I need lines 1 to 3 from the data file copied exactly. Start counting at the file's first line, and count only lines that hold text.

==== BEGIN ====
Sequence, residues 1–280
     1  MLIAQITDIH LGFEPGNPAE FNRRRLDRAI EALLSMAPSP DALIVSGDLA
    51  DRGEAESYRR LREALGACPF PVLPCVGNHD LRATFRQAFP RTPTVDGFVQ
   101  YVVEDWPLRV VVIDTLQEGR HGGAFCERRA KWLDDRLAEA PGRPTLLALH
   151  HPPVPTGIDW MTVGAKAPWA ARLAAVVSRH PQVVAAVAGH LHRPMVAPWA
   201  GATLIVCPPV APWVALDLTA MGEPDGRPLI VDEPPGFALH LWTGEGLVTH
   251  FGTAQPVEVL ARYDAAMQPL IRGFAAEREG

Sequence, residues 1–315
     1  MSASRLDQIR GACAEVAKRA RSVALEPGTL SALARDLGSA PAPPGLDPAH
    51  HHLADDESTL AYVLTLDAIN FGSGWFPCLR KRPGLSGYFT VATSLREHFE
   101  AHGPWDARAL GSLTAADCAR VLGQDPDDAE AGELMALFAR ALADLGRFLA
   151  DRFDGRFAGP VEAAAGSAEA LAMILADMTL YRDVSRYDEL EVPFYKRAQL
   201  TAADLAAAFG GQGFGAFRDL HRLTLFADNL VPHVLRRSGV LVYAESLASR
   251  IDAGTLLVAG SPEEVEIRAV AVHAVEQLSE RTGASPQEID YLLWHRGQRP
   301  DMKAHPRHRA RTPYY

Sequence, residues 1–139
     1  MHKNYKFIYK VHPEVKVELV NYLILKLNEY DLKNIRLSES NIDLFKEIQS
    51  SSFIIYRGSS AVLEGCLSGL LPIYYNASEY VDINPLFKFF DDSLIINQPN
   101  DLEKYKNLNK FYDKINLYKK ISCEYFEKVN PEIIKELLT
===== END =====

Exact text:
Sequence, residues 1–280
     1  MLIAQITDIH LGFEPGNPAE FNRRRLDRAI EALLSMAPSP DALIVSGDLA
    51  DRGEAESYRR LREALGACPF PVLPCVGNHD LRATFRQAFP RTPTVDGFVQ